An unexpected treat when I went to the movies in Atlanta to see Denial, the engrossing new film about the libel case that British Holocaust denier David Irving brought against American historian Deborah Lipstadt. After the movie, the real Dr. Lipstadt (who teaches at Emory) held a Q&A with the audience. You can just about make her out in my awful photo below, but that's her also on the screen with Rachel Weisz, who portrayed her in Denial. The movie was great, but this isn't a movie review as such, and I want you to see it, so no spoilers here. Just know that it's a film you won't forget. The Q and A was even better, and it is a pity that it's not humanly possible for Dr. Lipstadt to be on hand for every showing.
What I have found striking about this case (and I am reading the books about it as fast as I can) is how alarmingly timely it is, and how urgently we need to revisit what constitutes history education. Most people are getting our views from either media sources--mainstream or not-- that feed us what we want to hear (and yes, I include myself in this, to my eternal shame), or, worse, from internet babble.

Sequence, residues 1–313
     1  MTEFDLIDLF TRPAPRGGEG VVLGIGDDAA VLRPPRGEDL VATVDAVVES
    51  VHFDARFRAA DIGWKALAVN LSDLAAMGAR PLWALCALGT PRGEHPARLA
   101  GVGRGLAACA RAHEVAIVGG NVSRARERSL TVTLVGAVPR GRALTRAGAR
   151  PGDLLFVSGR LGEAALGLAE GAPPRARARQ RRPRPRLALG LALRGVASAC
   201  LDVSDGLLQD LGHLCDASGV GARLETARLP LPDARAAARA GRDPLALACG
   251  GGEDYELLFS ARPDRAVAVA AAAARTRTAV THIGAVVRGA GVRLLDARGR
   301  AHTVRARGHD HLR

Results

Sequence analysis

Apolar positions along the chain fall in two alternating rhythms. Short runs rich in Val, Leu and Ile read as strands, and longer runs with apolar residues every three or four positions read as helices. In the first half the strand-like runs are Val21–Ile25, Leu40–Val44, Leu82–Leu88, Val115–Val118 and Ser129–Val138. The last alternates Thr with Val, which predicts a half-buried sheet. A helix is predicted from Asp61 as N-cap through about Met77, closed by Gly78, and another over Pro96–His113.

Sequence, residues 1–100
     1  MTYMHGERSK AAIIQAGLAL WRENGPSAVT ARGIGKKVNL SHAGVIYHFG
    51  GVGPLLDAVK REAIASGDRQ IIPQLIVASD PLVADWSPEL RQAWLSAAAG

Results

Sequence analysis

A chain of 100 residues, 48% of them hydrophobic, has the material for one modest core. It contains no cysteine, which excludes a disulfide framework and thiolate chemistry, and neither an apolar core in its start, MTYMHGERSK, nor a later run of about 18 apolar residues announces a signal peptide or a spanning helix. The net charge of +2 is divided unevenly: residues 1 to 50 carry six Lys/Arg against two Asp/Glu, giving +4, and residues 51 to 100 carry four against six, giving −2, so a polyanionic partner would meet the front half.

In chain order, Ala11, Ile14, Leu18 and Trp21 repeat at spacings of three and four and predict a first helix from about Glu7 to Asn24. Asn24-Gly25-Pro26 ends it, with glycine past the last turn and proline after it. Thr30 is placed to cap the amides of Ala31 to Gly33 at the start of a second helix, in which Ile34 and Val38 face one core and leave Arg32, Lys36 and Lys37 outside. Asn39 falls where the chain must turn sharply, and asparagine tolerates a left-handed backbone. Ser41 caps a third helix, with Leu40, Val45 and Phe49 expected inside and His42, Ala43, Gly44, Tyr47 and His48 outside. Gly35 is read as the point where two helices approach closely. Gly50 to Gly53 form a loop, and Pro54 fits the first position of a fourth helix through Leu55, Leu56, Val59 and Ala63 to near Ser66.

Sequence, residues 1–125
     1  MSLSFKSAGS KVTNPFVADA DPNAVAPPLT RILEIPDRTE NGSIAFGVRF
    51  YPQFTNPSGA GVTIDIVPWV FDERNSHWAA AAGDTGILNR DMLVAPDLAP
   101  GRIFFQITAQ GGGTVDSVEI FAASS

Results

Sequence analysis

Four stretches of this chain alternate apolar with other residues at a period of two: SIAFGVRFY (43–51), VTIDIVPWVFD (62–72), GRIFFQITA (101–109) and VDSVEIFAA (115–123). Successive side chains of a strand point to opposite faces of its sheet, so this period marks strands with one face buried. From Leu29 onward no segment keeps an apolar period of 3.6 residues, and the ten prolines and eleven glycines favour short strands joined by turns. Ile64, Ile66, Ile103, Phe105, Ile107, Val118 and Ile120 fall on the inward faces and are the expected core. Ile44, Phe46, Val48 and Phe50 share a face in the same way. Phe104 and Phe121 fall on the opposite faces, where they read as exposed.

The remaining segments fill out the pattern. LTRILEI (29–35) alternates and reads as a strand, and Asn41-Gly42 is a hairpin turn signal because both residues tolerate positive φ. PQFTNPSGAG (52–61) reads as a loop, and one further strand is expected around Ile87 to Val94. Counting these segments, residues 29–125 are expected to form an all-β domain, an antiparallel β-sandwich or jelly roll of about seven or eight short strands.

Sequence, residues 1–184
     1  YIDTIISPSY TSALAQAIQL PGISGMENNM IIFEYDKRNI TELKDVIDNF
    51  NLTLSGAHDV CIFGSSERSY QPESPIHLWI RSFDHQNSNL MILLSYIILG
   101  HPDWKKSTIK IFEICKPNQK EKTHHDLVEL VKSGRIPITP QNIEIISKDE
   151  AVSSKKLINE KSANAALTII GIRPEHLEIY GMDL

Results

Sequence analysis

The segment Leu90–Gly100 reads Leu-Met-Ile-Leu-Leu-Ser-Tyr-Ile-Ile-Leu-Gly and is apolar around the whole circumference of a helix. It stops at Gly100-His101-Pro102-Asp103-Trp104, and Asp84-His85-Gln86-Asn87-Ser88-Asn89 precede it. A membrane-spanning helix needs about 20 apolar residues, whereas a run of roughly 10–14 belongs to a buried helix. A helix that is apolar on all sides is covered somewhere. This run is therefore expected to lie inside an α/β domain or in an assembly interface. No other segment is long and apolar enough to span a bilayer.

We absolutely have to make the case for "slow learning", if you'll forgive the phrase, for students' reading books--lots of them--and for initially engaging young children in history in such a way that they will want to read more for themselves. What that is going to require is for historians to take a far more prominent role in developing curriculum, bringing their understanding of history as much more than "must know" factoids. It's hard to see the hand of historians in state and national curricula, and the anecdotal evidence I've found suggests that they're either brought onto committees as window-dressing, or aren't numerous--or assertive-- enough. Agree or disagree, historians who have been involved in the process of developing curriculum are warmly invited to share their experiences with me, privately if need be.
What's at stake? Education itself, which in all but a handful of elite institutions (K12 and college) is in danger of being reduced to vocational training. Democracy, which cannot thrive among a citizenry that is abandoning rationality and empiricism. Democracy, as Churchill observed, is the worst form of government, except for all the others. The Holocaust was the product of one of those "others".